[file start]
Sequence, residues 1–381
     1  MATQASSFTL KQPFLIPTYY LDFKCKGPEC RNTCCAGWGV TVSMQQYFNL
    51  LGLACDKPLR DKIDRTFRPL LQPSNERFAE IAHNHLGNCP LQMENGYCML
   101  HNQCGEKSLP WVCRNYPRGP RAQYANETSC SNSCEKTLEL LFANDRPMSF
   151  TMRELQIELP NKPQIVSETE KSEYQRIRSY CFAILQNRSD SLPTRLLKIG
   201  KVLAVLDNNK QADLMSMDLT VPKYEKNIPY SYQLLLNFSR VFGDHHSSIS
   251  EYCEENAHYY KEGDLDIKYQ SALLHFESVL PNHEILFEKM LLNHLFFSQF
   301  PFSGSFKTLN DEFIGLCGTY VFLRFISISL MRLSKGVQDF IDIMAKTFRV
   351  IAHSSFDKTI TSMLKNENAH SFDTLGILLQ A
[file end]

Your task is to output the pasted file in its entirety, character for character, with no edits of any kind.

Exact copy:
Sequence, residues 1–381
     1  MATQASSFTL KQPFLIPTYY LDFKCKGPEC RNTCCAGWGV TVSMQQYFNL
    51  LGLACDKPLR DKIDRTFRPL LQPSNERFAE IAHNHLGNCP LQMENGYCML
   101  HNQCGEKSLP WVCRNYPRGP RAQYANETSC SNSCEKTLEL LFANDRPMSF
   151  TMRELQIELP NKPQIVSETE KSEYQRIRSY CFAILQNRSD SLPTRLLKIG
   201  KVLAVLDNNK QADLMSMDLT VPKYEKNIPY SYQLLLNFSR VFGDHHSSIS
   251  EYCEENAHYY KEGDLDIKYQ SALLHFESVL PNHEILFEKM LLNHLFFSQF
   301  PFSGSFKTLN DEFIGLCGTY VFLRFISISL MRLSKGVQDF IDIMAKTFRV
   351  IAHSSFDKTI TSMLKNENAH SFDTLGILLQ A